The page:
Plans submitted to Southwark council suggest that the property owners could reopen Printworks as a “permanent cultural venue.”
It doesn’t seem all that long ago that Printworks closed the curtains on its final 2023 run of shows. Only three years after the fact, property developers British Land and AustralianSuper may reopen the South London printing factory-turned venue.
On Monday, the two firms submitted a proposal to the Southwark council outlining their plans for redevelopment. According to The Guardian, the end goal is to repurpose half of the building for offices and shops. The other half would return to its former glory as an electronic music venue. As with before, Broadwick Live would partner on it.
“What appeals to us about it is that it’s creating a new piece of city and a new district for London,” said Emma Cariaga of British Land. “We intend to create a permanent cultural venue and put it on the map globally. Over the last six years, Printworks has become an iconic venue for electronic music and one of the top five clubs in the world. But our plans seek to push that to deliver a much broader programme.”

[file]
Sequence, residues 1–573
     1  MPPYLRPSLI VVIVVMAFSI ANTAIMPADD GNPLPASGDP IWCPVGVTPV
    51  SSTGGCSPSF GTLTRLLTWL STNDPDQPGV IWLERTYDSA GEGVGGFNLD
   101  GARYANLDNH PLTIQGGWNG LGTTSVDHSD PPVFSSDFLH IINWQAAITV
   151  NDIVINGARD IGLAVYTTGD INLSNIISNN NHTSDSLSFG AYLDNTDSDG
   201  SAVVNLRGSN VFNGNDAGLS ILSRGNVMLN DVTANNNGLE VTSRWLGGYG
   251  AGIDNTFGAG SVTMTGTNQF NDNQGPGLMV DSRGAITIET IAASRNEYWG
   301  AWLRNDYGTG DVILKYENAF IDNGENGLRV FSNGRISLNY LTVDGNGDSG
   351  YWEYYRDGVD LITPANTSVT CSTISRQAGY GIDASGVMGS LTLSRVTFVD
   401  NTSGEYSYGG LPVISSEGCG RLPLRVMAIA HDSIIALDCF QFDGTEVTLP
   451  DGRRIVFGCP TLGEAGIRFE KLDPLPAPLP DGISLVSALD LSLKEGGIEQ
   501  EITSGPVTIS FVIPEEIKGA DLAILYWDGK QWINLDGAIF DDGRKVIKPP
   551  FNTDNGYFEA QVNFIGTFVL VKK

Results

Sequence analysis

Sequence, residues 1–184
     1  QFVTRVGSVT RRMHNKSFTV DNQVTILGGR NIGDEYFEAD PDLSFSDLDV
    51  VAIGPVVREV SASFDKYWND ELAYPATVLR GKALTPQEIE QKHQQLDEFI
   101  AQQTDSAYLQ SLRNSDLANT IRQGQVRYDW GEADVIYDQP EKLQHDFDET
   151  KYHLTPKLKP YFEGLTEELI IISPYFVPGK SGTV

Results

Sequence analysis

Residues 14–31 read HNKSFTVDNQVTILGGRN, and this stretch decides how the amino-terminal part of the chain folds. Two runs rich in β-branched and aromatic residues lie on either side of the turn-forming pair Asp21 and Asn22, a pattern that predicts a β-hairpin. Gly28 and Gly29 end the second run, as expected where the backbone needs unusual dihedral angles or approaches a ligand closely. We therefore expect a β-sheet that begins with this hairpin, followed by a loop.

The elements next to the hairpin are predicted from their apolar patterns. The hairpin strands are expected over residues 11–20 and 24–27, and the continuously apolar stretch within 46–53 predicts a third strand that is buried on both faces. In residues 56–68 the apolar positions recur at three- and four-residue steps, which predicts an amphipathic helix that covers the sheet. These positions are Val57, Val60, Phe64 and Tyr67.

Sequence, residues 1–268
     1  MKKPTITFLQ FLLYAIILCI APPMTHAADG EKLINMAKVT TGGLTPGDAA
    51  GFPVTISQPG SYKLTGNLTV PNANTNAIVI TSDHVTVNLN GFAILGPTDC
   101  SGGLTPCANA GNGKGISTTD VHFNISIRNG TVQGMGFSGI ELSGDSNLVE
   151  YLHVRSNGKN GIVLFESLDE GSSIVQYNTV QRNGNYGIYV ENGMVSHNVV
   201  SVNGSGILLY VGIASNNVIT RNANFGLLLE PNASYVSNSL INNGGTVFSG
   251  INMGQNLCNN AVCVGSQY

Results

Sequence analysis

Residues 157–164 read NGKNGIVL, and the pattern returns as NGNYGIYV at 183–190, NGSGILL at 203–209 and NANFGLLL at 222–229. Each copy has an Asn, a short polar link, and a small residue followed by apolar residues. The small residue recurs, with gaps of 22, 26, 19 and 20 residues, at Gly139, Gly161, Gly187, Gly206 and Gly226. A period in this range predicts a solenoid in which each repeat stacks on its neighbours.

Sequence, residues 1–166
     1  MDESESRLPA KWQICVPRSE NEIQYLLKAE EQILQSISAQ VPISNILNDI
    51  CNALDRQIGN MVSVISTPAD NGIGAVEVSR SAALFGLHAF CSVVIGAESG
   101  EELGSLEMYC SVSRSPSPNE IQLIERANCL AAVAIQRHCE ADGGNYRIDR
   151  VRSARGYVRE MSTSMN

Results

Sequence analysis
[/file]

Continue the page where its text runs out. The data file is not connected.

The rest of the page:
“Having a big, versatile cultural venue in the area is important,” added Paul Clark of AustralianSuper. “We don’t want to have a monochrome office environment or a dormitory suburb.”
Printworks opened in 2017, four years after publications like Daily Mail and Evening Standard ceased printing at the location. Over the course of its six-year lifespan, the venue hosted performances by artists like Honey Dijon, Bicep, Peggy Gou, and Charlotte de Witte.
A repeat entry in the DJ Mag Top 100 Venues list, Printworks was also voted the second-best music venue in the world in a survey conducted by DJ Tech Reviews. Its final run of shows ran from February to May 2023 and included artists like deadmau5, Kaskade, Above & Beyond, and Adam Beyer.
If British Land and AustralianSuper’s plan is approved by the Southwark council, redevelopment could begin next year. It would include the construction of a brand-new rooftop terrace and smaller venue called The Inkwells.